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Tag Archives: Townhall.com

Hugh Hewitt: Agony in the Wake of Florida Shooting

U.S. Senate

How can the slaughter of high school students be so polarizing? It is agonizing beyond any writer’s ability to convey, but a political football to begin another round of pro- and anti-Trump throwdowns?

 

I didn’t see that coming out of the sorrow from the Florida shooting.

 

It was like an instant replay of reactions that we witnessed after the massacre in Sutherland Springs, Texas and every awful massacre since Columbine.

 

It has left commentary without a purpose. If everyone — always — makes the same demands, nearly instantly; without any room for consideration of the specifics of the murderer’s motivation and history, it’s hard to imagine what “change” will avail.

 

A place to start for us would be hearings.

 

I got the idea from my NBC colleague Chuck Todd. I put it to Education Secretary DeVos and Attorney General Sessions. They both agreed.

 

If hearings occur, we need one more promise: for everyone to actually hear the viewpoints presented.

 

Let’s stop the outrage and just listen.

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Lanhee Chen: A Spending Problem

single-payer

President Trump earned significant praise for his first State of the Union Address—and for good reason. It presented an affirmative vision for what unified Republican governance can accomplish. It also laid out policy priorities to keep the homeland secure and strengthen our economy. One thing that was missing, however, was any mention of our growing deficits and national debt. Washington is spending more money than it has and more than it should—and lawmakers from both parties seem perfectly content to continue on the path we’re on. This spending requires us to borrow money from foreign adversaries, hurts our economy’s ability to grow and leaves our kids and grandkids with the bill.

 

A change in course is desperately needed. Indeed, reining in spending is never politically easy. That’s why it will take a leader willing to buck trends and attack the special interests—and perhaps even some in his own party—to get the job done.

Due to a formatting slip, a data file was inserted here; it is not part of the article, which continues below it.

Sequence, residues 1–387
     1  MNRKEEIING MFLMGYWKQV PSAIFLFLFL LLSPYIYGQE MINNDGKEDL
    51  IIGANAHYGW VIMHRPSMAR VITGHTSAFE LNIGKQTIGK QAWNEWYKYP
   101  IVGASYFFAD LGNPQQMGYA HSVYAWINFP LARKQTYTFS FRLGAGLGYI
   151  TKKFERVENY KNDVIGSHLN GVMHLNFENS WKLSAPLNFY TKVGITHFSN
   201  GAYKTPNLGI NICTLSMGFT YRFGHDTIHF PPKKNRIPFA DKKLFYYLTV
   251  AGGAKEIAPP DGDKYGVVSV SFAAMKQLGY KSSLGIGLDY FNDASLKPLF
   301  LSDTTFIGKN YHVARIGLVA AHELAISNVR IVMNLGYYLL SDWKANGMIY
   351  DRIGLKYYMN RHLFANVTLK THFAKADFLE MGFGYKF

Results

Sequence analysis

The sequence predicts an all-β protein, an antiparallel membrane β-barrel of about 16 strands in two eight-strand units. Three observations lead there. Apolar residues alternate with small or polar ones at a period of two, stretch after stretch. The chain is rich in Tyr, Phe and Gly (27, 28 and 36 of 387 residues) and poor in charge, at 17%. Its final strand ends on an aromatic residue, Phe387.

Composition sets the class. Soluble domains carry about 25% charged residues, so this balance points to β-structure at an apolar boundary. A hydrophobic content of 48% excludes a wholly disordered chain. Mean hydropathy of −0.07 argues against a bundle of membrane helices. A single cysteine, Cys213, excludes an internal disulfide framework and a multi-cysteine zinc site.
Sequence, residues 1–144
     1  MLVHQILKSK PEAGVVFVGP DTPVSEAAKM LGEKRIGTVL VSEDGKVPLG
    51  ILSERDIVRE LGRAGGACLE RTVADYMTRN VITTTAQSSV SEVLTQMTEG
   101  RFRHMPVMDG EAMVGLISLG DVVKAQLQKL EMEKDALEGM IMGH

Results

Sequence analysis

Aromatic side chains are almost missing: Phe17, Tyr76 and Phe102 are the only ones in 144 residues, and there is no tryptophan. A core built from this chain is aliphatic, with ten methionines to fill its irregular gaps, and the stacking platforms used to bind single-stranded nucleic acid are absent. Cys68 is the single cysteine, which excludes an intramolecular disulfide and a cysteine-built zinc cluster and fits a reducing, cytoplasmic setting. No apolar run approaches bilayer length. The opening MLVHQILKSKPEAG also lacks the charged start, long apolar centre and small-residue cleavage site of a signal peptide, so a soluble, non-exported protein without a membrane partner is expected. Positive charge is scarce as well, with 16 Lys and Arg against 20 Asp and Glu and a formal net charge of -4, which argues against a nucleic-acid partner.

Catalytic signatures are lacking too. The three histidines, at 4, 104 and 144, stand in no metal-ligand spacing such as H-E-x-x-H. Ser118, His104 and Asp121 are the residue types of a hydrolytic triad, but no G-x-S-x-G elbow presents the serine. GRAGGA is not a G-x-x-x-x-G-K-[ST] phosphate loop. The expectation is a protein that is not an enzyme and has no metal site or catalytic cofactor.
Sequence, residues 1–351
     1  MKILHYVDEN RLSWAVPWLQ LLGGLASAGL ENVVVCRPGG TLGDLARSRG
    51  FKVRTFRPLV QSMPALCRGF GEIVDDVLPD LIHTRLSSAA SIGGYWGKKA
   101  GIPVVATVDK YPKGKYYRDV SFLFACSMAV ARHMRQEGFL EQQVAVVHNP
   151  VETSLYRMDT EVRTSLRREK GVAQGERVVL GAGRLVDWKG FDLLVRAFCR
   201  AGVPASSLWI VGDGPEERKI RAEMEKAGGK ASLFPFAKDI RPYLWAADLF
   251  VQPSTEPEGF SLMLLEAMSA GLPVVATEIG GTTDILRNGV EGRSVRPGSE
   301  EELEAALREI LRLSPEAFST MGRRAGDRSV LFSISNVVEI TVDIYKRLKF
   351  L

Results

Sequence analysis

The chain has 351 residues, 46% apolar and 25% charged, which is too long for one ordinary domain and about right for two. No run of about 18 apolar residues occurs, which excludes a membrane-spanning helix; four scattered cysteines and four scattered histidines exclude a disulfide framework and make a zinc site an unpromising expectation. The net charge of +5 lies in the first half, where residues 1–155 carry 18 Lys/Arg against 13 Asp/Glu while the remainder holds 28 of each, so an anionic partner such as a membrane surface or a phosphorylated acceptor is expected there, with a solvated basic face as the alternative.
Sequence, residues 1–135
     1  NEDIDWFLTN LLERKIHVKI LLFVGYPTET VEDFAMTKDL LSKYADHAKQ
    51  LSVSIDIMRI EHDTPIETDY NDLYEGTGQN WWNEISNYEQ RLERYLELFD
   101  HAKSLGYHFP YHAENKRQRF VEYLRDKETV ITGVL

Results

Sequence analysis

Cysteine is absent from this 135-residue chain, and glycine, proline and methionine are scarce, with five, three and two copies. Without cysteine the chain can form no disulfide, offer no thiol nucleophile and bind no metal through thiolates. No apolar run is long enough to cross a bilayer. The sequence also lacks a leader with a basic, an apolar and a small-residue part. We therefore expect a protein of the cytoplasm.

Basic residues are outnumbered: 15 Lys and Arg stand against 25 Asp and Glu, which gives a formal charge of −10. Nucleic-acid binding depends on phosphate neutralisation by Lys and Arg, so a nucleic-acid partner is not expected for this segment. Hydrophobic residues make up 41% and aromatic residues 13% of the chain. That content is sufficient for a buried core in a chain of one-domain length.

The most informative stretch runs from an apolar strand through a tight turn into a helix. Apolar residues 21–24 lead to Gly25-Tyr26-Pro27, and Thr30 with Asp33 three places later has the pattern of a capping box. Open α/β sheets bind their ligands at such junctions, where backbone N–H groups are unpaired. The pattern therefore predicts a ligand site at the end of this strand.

Here’s to hoping that Donald Trump can be that leader.

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Albert Mohler: The Education Bill and the Future of Religious Liberty

Billy Graham

Congress is currently considering the reauthorization of the Higher Education Act of 1965. And we should all sit up and take note.

Sometimes legislation that looks almost innocuous is anything but; sometimes legislation that will have historic and long-lasting effect doesn’t go by any name that would get the citizens’ attention; and sometimes it’s almost as if politically it’s moving under the surface without much attention at all.

This reauthorization is an entire clash of worldviews in one piece of legislation. It’s to the credit of the Trump administration that the over-500-page bill is loaded with respect and concern for the future of religious liberty in the United States, and, most specifically, the future of religious liberty on American college and university campuses.

Now, all of this might look routine, but the result can turn out to be anything but routine.

It’s no exaggeration to say that the future of religious liberty will have a great deal to do with the final state of this bill.

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Albert Mohler: A Government Ministry of Loneliness

Billy Graham

One of the saddest headlines I’ve seen in a very long time comes to us in the New York Times. The headline article: “U.K. Appoints a Minister for Loneliness.”

 

A 2017 report indicated that “more than 9 million Britons often or always feel lonely.”

 

The extremes of age are identified as two very urgent problems: loneliness amongst the young and loneliness amongst the aging.